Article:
By 1950, the state controlled most of the economy, as all large and mid-sized industrial companies, plants, mines, banks of all kind as well as all companies of retail and foreign trade were nationalized without any compensation. Slavishly following Soviet economic policies, Rákosi declared that Hungary would become a "country of iron and steel" even though Hungary lacked iron ore completely. The forced development of heavy industry served military purposes; it was meant as preparation for the impending World War III against "Western imperialism". A disproportionate amount of the country's resources were spent on building whole new industrial cities and plants from scratch, while much of the country was still in ruins since the war. Traditional strengths of Hungary, such as the agricultural and textile industries, were neglected.
Large agricultural latifundia were divided and distributed among poor peasants already in 1945. In agriculture, the government tried to force independent peasants to enter co-operatives in which they would become merely paid laborers, but many of them stubbornly resisted. The government retaliated with ever-higher requirements of compulsory food quotas imposed on peasants' produce. Rich peasants, called 'kulaks' in Russian, were declared "class enemies" and suffered all sorts of discrimination, including imprisonment and loss of property. With them, some of the most able farmers were removed from production. The declining agricultural output led to a constant scarcity of food, especially meat.
Rákosi rapidly expanded the education system in Hungary. This was an attempt to replace the educated class of the past by what Rákosi called a new "working intelligentsia". In addition to effects such as better education for the poor, more opportunities for working class children and increased literacy in general, this measure also included the dissemination of Communist ideology in schools and universities. Also, as part of efforts at separation of church and state, practically all religious schools were taken into state ownership, and religious instruction was denounced as retrograde propaganda and gradually eliminated from schools.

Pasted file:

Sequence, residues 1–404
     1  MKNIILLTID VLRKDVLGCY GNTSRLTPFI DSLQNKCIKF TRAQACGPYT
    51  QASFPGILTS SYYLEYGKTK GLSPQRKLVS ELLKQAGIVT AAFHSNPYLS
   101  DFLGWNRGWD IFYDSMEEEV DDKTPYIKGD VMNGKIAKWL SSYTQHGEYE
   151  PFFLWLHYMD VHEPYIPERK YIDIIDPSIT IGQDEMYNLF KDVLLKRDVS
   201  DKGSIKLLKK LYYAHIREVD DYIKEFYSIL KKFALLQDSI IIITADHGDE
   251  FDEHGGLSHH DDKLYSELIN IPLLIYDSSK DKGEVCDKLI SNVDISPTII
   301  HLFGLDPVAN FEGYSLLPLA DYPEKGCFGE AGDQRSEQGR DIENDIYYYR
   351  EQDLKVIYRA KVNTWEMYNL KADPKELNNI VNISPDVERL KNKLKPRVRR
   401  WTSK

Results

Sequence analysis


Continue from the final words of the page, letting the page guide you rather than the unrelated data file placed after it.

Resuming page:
The Hungarian churches were systematically intimidated. Cardinal József Mindszenty, who had bravely opposed the German Nazis and the Hungarian Fascists during the Second World War, was arrested in December 1948 and accused of treason. After five weeks under arrest (which included torture), he confessed to the charges against him and he was sentenced to life imprisonment. The Protestant churches were also purged and their leaders were replaced by those willing to remain loyal to Rákosi's government.
The new Hungarian military hastily staged public, pre-arranged trials to purge "Nazi remnants and imperialist saboteurs". Several officers were sentenced to death and executed in 1951, including Lajos Toth, a distinguished fighter ace of the World War II Royal Hungarian Air Force, who had voluntarily returned from US captivity to help revive Hungarian aviation. The victims were cleared posthumously following the overthrow of communism.
Preparations for a show trial started in Budapest in 1953 to prove that Raoul Wallenberg had not been dragged off in 1945 to the Soviet Union, but was the victim of "cosmopolitan Zionists". For the purposes of this show trial, three Jewish leaders as well as two would-be "eyewitnesses" were arrested and interrogated by torture. The show trial was initiated in Moscow, following Stalin's anti-Zionist campaign. After the death of Stalin and Lavrentiy Beria, the preparations for the trial were stopped and the arrested persons were released.
Rivalry between Communist leaders
Rákosi's priorities for the economy were developing military industry and heavy industry and providing the Soviet Union with war compensation. Improving standards of living were not a priority, and for this reason the people of Hungary saw living standards fall. Although his government became increasingly unpopular, he had a firm grip on power until Stalin died on 5 March 1953 and confused power struggle began in Moscow. Some of the Soviet leaders perceived the unpopularity of the Hungarian regime and ordered Rákosi to give up his position as prime minister in favor of another former Communist-in-exile in Moscow, Imre Nagy, who was Rákosi's chief opponent in the party. Rákosi, however, retained his position as general secretary of the Hungarian Working People's Party and over the next three years the two men became involved in a bitter struggle for power.